Antibiotics should be reserved to treat animals, not used to promote fast growth or as band aids across the herd to prevent stressed animals getting sick
The novel coronavirus disease (COVID-19) has already proven to be a tragedy for the whole world and yet, we are feeding recipes for another pandemic — Antimicrobial Resistance (AMR) / superbugs. Superbugs are bacteria that have developed resistance to one or more antibiotics, rendering those antibiotics less effective in treating infections.
Superbugs kill 700,000 people per year. Deaths could amount to 10 million people per year by 2050, costing $100 trillion. There is a crossover between antibiotics used to treat humans and those used in farming. When farm animals are administered antibiotics used for humans, superbugs can arise and directly infect humans or cross-resistance (with other bacteria) can occur. This renders the antibiotics ineffective in treating human disease.
Overuse of human medicine is a key driver of the development of superbugs. But the routine overuse of antibiotics in animal agriculture is recognised by the World Health Organization (WHO) and the UN as a significant contributor to the emergence of superbugs, causing drug-resistant food poisoning, blood poisoning and urinary tract infections that can be fatal.
Intensive farming causes suffering to billions of farm animals and compromises our health and the environment. The system depends on overuse of antibiotics to keep stressed animals from getting sick in dismal conditions. Keeping genetically uniform animals squashed together, subjected to painful mutilations and unable to express their natural behaviours is a risk factor for emergence of superbugs from antibiotic overuse and for pandemics. Diseases such as swine flu, bird flu and Nipah virus all emerged from farmed animals.
Superbugs make antibiotics less effective in treating medical conditions. A World Animal Protection (WAP) 2020 survey across 15 countries found that 92 per cent of people in India are concerned about superbugs from farm animals and want animals treated well and antibiotics used responsibly.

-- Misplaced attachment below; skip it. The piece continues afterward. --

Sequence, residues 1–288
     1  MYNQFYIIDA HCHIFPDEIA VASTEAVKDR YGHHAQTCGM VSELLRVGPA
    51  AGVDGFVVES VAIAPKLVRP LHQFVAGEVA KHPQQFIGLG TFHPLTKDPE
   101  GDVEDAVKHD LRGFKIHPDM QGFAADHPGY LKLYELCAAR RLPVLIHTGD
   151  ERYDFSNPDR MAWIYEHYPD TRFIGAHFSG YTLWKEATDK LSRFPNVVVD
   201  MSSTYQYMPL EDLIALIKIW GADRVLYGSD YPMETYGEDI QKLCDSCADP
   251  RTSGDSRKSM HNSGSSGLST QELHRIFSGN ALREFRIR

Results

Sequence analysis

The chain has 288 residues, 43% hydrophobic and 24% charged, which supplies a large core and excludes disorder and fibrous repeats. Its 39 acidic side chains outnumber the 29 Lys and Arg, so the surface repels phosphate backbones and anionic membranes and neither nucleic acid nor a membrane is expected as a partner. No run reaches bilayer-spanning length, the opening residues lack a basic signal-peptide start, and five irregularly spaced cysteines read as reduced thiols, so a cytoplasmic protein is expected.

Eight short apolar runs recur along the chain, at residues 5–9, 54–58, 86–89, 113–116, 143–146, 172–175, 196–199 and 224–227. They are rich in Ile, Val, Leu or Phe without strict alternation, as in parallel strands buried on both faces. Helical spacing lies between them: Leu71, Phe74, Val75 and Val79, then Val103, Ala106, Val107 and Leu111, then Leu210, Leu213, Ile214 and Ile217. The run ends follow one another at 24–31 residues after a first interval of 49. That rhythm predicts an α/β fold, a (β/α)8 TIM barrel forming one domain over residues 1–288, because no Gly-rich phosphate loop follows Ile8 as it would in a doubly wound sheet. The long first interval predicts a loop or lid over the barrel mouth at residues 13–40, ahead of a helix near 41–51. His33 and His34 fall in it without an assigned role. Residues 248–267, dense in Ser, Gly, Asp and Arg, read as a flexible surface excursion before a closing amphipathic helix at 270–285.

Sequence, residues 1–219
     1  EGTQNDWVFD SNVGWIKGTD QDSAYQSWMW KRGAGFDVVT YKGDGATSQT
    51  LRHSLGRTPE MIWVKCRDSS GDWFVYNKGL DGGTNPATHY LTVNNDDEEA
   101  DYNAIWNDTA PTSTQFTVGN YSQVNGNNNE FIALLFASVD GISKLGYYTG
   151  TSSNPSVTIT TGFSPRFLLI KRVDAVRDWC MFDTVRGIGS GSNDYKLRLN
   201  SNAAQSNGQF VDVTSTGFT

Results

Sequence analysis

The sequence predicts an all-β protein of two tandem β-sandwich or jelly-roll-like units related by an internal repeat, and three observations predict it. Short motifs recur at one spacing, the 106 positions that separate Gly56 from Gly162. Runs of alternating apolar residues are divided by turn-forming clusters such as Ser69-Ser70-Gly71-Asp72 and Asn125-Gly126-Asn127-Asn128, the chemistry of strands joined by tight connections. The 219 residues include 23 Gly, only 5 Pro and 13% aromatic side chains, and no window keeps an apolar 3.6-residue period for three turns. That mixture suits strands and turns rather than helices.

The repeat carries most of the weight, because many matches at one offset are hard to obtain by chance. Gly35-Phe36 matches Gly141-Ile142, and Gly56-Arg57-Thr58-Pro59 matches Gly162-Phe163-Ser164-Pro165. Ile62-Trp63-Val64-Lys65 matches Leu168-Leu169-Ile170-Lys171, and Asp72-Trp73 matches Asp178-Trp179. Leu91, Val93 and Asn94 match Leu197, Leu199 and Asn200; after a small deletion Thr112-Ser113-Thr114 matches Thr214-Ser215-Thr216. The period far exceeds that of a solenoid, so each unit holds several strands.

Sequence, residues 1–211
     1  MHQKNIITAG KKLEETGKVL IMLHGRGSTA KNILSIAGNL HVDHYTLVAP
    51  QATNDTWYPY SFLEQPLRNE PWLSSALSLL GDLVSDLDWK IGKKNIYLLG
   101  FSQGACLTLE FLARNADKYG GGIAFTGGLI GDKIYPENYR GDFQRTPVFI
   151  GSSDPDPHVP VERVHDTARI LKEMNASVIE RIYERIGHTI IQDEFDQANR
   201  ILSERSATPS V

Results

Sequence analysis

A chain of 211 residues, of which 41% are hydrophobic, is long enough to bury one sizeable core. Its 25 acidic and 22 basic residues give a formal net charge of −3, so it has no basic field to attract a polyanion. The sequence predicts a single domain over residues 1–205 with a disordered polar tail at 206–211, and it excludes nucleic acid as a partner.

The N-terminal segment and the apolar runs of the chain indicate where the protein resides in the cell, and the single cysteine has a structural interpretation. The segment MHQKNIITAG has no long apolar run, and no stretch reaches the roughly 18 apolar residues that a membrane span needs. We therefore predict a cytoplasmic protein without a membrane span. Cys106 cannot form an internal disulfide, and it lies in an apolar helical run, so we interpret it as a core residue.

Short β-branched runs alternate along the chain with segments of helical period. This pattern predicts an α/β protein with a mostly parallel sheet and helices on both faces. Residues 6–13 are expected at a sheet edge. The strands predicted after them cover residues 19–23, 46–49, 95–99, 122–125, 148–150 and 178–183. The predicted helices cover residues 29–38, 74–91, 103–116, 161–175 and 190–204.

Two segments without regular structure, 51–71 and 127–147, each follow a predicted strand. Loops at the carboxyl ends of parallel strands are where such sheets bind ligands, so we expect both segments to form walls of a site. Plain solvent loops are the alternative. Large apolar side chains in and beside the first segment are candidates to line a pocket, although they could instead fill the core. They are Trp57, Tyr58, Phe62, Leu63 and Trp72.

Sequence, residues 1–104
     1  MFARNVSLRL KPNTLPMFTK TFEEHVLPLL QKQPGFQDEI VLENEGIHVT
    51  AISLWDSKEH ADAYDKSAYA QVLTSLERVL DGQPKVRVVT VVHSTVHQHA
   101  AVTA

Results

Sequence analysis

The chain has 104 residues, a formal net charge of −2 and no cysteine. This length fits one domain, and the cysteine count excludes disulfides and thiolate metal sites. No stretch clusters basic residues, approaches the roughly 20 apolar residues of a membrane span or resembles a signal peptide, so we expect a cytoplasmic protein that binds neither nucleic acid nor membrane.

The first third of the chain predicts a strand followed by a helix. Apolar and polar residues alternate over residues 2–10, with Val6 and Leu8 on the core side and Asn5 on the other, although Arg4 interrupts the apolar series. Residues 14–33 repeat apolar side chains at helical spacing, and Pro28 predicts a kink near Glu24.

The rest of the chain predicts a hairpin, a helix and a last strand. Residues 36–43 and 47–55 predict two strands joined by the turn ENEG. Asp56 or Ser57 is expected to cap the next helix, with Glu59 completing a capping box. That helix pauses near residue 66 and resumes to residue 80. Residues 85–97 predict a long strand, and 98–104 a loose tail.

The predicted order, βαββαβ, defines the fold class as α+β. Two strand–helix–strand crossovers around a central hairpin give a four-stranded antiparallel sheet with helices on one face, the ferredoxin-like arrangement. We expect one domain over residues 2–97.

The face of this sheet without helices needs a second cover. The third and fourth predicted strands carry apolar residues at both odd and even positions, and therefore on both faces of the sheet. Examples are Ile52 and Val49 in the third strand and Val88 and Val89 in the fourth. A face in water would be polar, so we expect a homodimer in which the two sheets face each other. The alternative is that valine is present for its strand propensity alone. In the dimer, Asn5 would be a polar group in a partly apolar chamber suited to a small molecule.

Superbugs and antibiotic resistant genes do not just remain on the farm. Intensive animal production generates large quantities of animal waste, which is often spread on land for use as a fertiliser, or discharged into public water ways.
Once in the environment, superbugs can reach humans in multiple ways. This ranges from recreation, water used for drinking and washing, consumption of fish and bivalves from contaminated water and consumption of crop produce contaminated with surface water.
Also, animals do not metabolise around 70 per cent of the antibiotics administered to them, so antibiotics can transfer into animal waste. Bacteria can survive in untreated farm animal waste for 2–12 months.
Whilst there have been studies measuring antibiotic residues in water ways in different parts of the world, WAP has conducted the first multi-country investigation of antibiotic resistance genes downstream of factory farms.
The testing took place in four countries across three continents: Canada, Spain, Thailand and the US. It found powerful antibiotic resistance genes downstream from factory farms. Contaminated samples were also found upstream in areas with a high density of pig farms.